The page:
Jul 28, 9:41 PM EDT

Firefighters struggle to get the upper hand on a massive wildfire along Northern California's picturesque Big Sur coastline, where anxious residents are awaiting word on their homes and popular parks and trails have closed at the height of tourist season

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AP Photo/Nic Coury

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BIG SUR, Calif. (AP) -- Firefighters struggled Thursday to get the upper hand on a massive wildfire burning along California's picturesque Big Sur coastline, where anxious residents driven from their homes awaited word on their properties and popular parks and trails closed at the height of tourist season.

The blaze spanning 42 square miles (109 square kilometers) has destroyed at least 34 homes and put at least 2,000 buildings at risk. A 35-year-old father of two girls was killed this week when the bulldozer he was operating rolled over on the fire lines.

The fire has burned for a week and is only 10 percent contained. California Department of Forestry and Fire Protection estimated it will take until the end of August to extinguish it.

"Every day the fire is gaining ground on us," Cal Fire Battalion Chief Robert Fish said. "The weather and steep and rugged terrain is taking its toll. So we'll make progress, but then the fire is making progress faster than we can keep pace with."

Firefighters worked in rugged terrain near State Highway 1 in an area that draws tourists from around the world for the dramatic vistas of ocean and mountains. The famous roadway remained open, but smoke and the threat of flames forced the closure of state parks near Big Sur, a big economic driver for the region.

Tom and Donna Huntington, both 65, have lived for 29 years in the community of Palo Colorado, which was hard-hit by the fire. They fled their home last Friday and have been staying with friends and a Red Cross shelter at a school.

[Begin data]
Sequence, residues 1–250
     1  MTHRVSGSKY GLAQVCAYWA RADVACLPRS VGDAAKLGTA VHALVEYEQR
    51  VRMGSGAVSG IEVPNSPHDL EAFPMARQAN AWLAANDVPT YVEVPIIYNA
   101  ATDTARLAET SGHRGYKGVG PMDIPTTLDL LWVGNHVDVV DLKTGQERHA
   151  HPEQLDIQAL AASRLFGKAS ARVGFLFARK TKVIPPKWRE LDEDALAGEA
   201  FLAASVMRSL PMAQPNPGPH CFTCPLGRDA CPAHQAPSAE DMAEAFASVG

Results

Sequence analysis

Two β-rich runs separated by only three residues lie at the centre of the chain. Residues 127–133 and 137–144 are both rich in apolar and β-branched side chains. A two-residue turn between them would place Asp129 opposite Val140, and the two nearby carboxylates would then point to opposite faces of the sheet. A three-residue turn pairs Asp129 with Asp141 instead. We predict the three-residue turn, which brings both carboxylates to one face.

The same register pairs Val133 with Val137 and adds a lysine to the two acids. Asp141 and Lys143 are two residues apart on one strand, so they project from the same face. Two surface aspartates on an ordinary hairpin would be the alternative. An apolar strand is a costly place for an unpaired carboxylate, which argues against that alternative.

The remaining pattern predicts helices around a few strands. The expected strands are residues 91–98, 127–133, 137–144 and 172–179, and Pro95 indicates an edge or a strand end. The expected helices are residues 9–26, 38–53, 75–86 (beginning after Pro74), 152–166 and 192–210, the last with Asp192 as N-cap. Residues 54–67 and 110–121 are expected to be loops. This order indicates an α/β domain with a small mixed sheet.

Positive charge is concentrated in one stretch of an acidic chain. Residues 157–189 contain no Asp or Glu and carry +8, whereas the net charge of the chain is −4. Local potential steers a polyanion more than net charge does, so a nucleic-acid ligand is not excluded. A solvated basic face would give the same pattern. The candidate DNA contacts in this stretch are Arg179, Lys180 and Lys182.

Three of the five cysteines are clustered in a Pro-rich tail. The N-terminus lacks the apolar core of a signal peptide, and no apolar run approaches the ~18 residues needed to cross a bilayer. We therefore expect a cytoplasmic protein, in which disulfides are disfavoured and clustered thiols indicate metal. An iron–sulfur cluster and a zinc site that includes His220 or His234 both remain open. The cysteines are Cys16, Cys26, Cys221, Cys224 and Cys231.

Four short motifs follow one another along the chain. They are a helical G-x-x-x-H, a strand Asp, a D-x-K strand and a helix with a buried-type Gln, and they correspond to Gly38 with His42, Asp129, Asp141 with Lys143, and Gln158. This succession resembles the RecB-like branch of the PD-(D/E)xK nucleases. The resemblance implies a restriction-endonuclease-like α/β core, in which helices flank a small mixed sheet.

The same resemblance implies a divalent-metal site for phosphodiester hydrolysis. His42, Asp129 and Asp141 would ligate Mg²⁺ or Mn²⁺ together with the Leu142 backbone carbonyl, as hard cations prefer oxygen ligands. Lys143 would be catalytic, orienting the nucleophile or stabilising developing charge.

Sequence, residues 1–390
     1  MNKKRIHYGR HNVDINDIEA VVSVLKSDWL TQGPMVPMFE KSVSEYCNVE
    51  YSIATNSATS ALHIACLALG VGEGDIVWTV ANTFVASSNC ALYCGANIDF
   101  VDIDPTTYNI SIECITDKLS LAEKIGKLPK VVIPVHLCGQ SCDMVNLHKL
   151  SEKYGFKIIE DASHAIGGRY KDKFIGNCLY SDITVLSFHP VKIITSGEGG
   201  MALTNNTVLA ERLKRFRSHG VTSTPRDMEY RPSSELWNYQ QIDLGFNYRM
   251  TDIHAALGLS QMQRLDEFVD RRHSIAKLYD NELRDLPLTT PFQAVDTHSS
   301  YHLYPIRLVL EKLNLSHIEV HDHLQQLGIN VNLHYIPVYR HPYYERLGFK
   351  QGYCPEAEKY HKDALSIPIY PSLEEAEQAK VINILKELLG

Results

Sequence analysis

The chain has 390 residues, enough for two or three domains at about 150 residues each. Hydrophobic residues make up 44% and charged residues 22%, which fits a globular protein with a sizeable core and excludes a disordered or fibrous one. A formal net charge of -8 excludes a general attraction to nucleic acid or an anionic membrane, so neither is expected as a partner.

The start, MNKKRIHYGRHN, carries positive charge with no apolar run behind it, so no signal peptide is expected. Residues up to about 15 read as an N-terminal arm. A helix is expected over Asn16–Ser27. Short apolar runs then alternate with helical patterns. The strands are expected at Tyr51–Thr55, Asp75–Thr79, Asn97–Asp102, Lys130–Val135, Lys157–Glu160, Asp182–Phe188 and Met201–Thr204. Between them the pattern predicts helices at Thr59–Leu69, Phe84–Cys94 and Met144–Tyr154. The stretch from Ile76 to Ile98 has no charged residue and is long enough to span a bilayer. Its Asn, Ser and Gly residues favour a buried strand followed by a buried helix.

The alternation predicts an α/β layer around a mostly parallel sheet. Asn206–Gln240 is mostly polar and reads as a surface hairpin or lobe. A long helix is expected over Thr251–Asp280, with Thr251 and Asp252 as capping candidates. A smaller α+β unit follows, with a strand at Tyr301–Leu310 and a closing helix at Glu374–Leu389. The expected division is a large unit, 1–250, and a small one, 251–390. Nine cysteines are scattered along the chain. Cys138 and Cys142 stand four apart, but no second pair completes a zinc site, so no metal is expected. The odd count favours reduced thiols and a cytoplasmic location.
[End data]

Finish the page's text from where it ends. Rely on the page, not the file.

"It's a heartbreaker. I could cry right now," Tom Huntington said. "I'm so lucky I didn't lose my house. And I know some people that have. All they had was what they wore that day. ... All their stuff - just poof."

Eric Beninger, a former firefighter who also lives in Palo Colorado, isn't sure his home is still standing.

"When I did leave yesterday I ended up seeing flames coming up my road," he said. "Just hope for the best, that's about all I can do."

The bulldozer operator who died on the fire lines this week was identified Thursday as Robert Reagan. The Fresno County man's sister, Hannah Cunnings, told The Associated Press that her brother was the kind of person who would offer to put snow chains on a neighbor's car or fix an engine that needed repair.

"Even since he was a boy, he just really wanted to help people," she said, crying.

Besides two daughters, Cunnings said her brother and his wife cared for a young niece.

Another man was killed last week in a wildfire still burning on the outskirts of Los Angeles. Crews have stopped the spread of that nearly 60-square-mile (155-sqaure kilometer) blaze, which destroyed 18 homes in mountains and canyons around Santa Clarita.

Authorities have not determined a cause for either fire.

Four people who escaped the Big Sur fire early in the week acknowledged growing marijuana in the area for the last three months, Monterey County sheriff's Sgt. Kathy Palazzolo said.

It's illegal to cultivate marijuana in California except for medicinal purposes, but pot grows are common throughout coastal Monterey County, south of San Francisco.

"We have them all over, all throughout the county, in the national forest, on private property, in riverbeds, we find them all over," Palazzolo said.

Separately, seven people were rescued Tuesday after calling 911, Palazzolo said. They said they were backcountry hikers, but police are skeptical.

There was no evidence to suggest the fire was sparked by marijuana cultivation, Cal Fire spokesman Robert Fish said.

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